Setting up the PivotPi

Setting up the PivotPi

A Walk Around the PivotPi

Let’s take a look at the anatomy of a PivotPi servo controller for the Raspberry Pi board.


It has the following:

  1. 8 pin triplets, one for each servo
  2. 8 LEDs
  3. A pair of Address switches 
  4. A 6-pin header to connect to the Raspberry Pi.
  5. Two Grove-style I2C ports at each end
  6. A Power connector

It’s recommended that the toggle switches be in their default position for now as in this photo:

PivotPi Default Address Switches Position

PivotPi Default Address Switches Position


Setting the PivotPi Address

Setting PivotPi Address

As PivotPi boards are using the I2C protocol for communication, you need to give them an address by setting the Address switches to an appropriate position for your specific project. If you are unfamiliar with I2C protocol rest assured that all will work fine if you go with the default position and set both address switches to low.

Here are the possible addresses and corresponding switch positions:

PivotPI Addressing the Raspberry Pi Servo Controller


Connecting the PivotPi to the Raspberry Pi

Connecting the Servo Controller for the Raspberry Pi

The PivotPi can be connected in one of two ways: through the header pins directly on the Raspberry Pi, or with a Grove cable to the I2C port.

With the Raspberry Pi GPIO Pins

The PivotPi is connected directly to the Raspberry Pi via the Pi GPIO Pins.

pivotpionpi pivotpionpiback

The six-pin header connects directly to the pins as shown in the picture.  Some posts are supplied to provide some mechanical support and stabilize the PivotPi.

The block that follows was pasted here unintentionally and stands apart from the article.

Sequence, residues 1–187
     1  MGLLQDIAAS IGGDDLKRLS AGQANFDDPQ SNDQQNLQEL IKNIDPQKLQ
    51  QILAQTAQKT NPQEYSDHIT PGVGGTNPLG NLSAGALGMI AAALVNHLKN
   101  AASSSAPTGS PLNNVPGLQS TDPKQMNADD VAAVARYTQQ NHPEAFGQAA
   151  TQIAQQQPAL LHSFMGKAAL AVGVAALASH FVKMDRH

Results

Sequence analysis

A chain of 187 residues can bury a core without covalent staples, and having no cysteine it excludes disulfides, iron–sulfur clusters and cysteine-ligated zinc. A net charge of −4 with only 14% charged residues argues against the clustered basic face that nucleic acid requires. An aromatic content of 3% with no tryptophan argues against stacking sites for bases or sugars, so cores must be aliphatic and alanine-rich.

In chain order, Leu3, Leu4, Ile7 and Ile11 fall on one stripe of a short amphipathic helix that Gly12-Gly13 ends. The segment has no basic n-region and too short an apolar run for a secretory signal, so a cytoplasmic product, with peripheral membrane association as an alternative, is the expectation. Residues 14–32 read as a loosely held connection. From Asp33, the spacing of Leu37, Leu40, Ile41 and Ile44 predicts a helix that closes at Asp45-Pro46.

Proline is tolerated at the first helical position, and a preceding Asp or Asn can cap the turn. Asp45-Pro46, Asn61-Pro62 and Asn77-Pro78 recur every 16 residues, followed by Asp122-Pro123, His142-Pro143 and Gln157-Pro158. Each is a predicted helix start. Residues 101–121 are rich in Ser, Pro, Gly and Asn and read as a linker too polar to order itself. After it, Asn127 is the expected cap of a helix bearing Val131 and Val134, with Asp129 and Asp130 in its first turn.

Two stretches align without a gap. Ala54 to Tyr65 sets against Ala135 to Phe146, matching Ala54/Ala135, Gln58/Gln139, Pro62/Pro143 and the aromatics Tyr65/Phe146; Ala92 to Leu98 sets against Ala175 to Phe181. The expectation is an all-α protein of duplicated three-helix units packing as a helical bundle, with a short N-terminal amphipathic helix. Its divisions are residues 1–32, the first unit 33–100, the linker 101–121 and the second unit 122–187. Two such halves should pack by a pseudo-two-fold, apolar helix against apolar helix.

With GoPiGo

The PivotPi needs to be connected via its I2C port to the I2C port on the GoPiGo board.  Below is a picture of the GoPiGo and the PivotPi connected via a Grove cable.

With GrovePi

You have two options here:

  1. You can connect the PivotPi via the I2C port and a Grove cable. pivotpi-servo-controller-on-grovepi-and-raspberry-pi
  2. You can slip the PivotPi onto the GrovePi header and use the supplied posts for mechanical stability. pivotpi-and-grovepi-servo_controller-on-raspberry-pi-2pivotpi-and-grovepi-servo_controller-on-raspberry-pi-1

With another PivotPi

PivotPis can be daisy-chained for big projects that require more than 8 servos. See the multiple PivotPis section for more details

Powering the PivotPi

The PivotPi needs its own power source and cannot be powered from the Raspberry Pi or the robot.  A 4xAA battery pack comes with each PivotPi.  You will need 4 AA batteries to power your PivotPi.

PivotPi with Batteries

Installing the PivotPi Servos

Installing the PivotPi Servos

Here we will show how to attach servos to the servo controller for the Raspberry Pi.  When planning your project, you have to take into consideration that each servo must be mounted onto a stable base, securing it in place with tie wraps or screws. A stable base is crucial for proper servo behavior. 

Here’s a servo solidly held in place with two tie wraps and double sided tape.

Servo and tie wraps

When you’re ready to connect the servo wires to the PivotPi you first need to decide which port you will use. Ports are numbered from 1 to 8 on the board. They are all equivalent. The small servo comes with three wires: brown, red, and orange. The large servo has the following colors: black, red, and white.

The brown and the black go on the inner pin (labelled ‘-‘), the red on the center pin (labelled ‘+’), and either the orange or the white on the outer pin (labelled ‘SIGNAL’). The following video details the process.

Connect a Servo to the PivotPi